UPDATED: Hazed and Confused - The Differences Between Fog, Haze & Dry Ice

By Clint Zaayer
7 years ago
 UPDATED: Hazed and Confused - The Differences Between Fog, Haze & Dry Ice

Ultratec Radiance Hazer

Haze and fog are two of the most commonly used effects in video, theater, and concerts.  Many novice users have an image of what they want to achieve but lack the knowledge of how to use the machines necessary to create the desired result.  A basic understanding of hazers and foggers can greatly improve the quality of the effects.

Type of Output

            Haze and fog have very distinctive outputs.  Generally, haze machines output a slow stream of the effect that is not dramatic or intense unless left on to build constantly into the space.  Fog behaves quite differently.  Usually it is an intense burst of effect- similar to a steam engines smoke stack.  If left on over time, the effect becomes concentrated, creating a thick overwhelming feel.  However, fog does dissipate more quickly than haze, so it takes additional fluid and time to fill the room.

Oil Based vs. Water Based

            Haze and fog machines use oil or water based fluid.  Oil bases linger in the air much longer and have a slightly denser effect.  Because of the oil, the output can cause a problem with fire and smoke alarms from time to time.  Water based fluid is much better around fire and smoke alarms, and when sensitive items such as hanging fixtures are present.  The fluid will not linger as long or be quite as dense, but it will not leave near the residue the oil base does.  Overall both bases produce a relatively similar effect, so typically the situation will determine which base is preferable.

High End Systems FQ-100

Low Lying Fog

            One of the most common effects people struggle to create is low line fog.  The best way to make the fog over water or "creepy cemetery" effect is to use something to cool the fog from a fog machine.  The concept behind this is very simple, hot air rises.  So if the effect is cooler than the air temperature outside the machine, then the effect will stay lower to the ground.  There are several different ways to achieve this with a fogger.  A couple ways the machines create this is with a refrigeration system or with using dry ice.

Dry Ice Machines

            Unlike other styles of fog and haze machines, dry ice machines use a much simpler method—and it's just what one would expect.  A heating element warms up the water, and once it's hot enough, the dry ice is inserted into the holding area.  The process of the dry ice and water meeting varies on the machine. This creates an extreme temperature difference, which creates the fog. Since the fog that is produced is very cool, it stays low to the ground.  This is the alternative to other devices which use heavy compressors to cool down the fog.  So this means that unlike most compressor-style low-line fog machines, dry ice machines are much more basic. However, this means they do not have as long of a run time as their complicated counterparts.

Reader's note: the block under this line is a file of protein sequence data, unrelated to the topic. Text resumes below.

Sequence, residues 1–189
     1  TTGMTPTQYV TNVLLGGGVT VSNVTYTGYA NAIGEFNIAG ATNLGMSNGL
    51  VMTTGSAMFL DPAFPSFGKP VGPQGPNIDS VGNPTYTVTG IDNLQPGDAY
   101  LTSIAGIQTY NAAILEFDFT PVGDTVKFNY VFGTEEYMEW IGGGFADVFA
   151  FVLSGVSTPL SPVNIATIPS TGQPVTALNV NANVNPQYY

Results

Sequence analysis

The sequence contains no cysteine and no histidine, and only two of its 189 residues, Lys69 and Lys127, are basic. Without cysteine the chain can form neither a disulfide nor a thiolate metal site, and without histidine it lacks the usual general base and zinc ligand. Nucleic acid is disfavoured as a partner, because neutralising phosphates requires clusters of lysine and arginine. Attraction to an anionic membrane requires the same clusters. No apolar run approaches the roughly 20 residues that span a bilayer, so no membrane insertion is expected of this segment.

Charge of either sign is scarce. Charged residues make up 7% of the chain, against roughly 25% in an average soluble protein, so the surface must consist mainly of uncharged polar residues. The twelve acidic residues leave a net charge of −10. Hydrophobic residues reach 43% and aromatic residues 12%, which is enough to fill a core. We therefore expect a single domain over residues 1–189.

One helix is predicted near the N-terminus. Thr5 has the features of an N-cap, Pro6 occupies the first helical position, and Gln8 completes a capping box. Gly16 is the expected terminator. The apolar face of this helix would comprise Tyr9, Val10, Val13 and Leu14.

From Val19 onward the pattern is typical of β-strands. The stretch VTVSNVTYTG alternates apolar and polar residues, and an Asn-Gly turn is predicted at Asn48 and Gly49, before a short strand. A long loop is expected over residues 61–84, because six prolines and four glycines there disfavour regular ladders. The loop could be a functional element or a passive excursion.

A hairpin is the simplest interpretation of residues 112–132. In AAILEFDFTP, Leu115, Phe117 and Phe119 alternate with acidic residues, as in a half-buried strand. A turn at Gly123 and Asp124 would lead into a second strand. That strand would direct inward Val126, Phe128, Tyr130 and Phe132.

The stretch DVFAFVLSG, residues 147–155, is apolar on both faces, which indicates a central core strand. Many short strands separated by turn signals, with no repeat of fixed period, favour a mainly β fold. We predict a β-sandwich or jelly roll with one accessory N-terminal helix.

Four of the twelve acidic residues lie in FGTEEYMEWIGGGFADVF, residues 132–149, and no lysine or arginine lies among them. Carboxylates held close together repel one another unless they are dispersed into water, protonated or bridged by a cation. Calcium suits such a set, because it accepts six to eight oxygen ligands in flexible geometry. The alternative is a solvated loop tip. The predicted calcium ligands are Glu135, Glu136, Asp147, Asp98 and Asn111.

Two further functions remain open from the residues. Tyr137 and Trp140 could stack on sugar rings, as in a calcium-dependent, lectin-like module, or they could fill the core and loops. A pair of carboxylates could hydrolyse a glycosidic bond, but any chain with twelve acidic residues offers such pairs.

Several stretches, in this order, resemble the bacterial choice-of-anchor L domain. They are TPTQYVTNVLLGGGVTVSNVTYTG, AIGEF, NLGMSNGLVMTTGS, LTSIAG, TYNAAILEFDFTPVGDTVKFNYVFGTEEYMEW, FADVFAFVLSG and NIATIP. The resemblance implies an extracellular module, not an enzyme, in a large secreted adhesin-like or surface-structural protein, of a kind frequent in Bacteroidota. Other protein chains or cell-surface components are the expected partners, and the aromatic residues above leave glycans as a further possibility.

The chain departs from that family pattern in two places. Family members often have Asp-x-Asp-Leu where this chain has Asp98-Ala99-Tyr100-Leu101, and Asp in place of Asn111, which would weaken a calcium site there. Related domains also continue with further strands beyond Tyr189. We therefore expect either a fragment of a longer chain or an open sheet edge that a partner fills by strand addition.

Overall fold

LED Fog & Haze Machines

If you want to create a pyro effect, but need to avoid using actual fire, there are beginning to be some good options out there.  The effect is generally created by having a ring of high powered LEDs around the nozzle of a fog or haze machine.  This creates a colored, towering column that can simulate pyro, as well as creating new and interesting effects.  Taking this effect up a notch, CITC introduced The Maniac, a moving light led fog machine.

Fluid Usage

            Fluid usage varies from unit to unit.  A general rule of thumb is that, with intense usage, hazers can last around eight hours and foggers can last around four hours. So a hazer could be a used heavily for the run of a show or a very long video shoot day.  While foggers often take more fluid, they will generally last the same length of time as hazers since foggers are not usually used as continuously.  Larger machines often take much more fluid depending on output.  This is truly a case-by-case basis and greatly depends on the unit itself.

These are just a few hazer and fogger basics.  The manufactures' suggested fluid for each unit should be used for the best result.  There are many different brands and styles of hazers and foggers, and while they all output differently, they have the same general concepts behind them. 

Clint Zaayer is an Account Manager at 4Wall Los Angeles.  While earning his degree
at Ball State University, he collaborated on the Lower Great Lake Regional Emmy
Award winning documentary 
Increasing the Odds:  How to Start a Business.  In 2010,
after graduating with a B.A. in telecommunications, he relocated to Los Angeles

where he began his career with 4Wall Entertainment.

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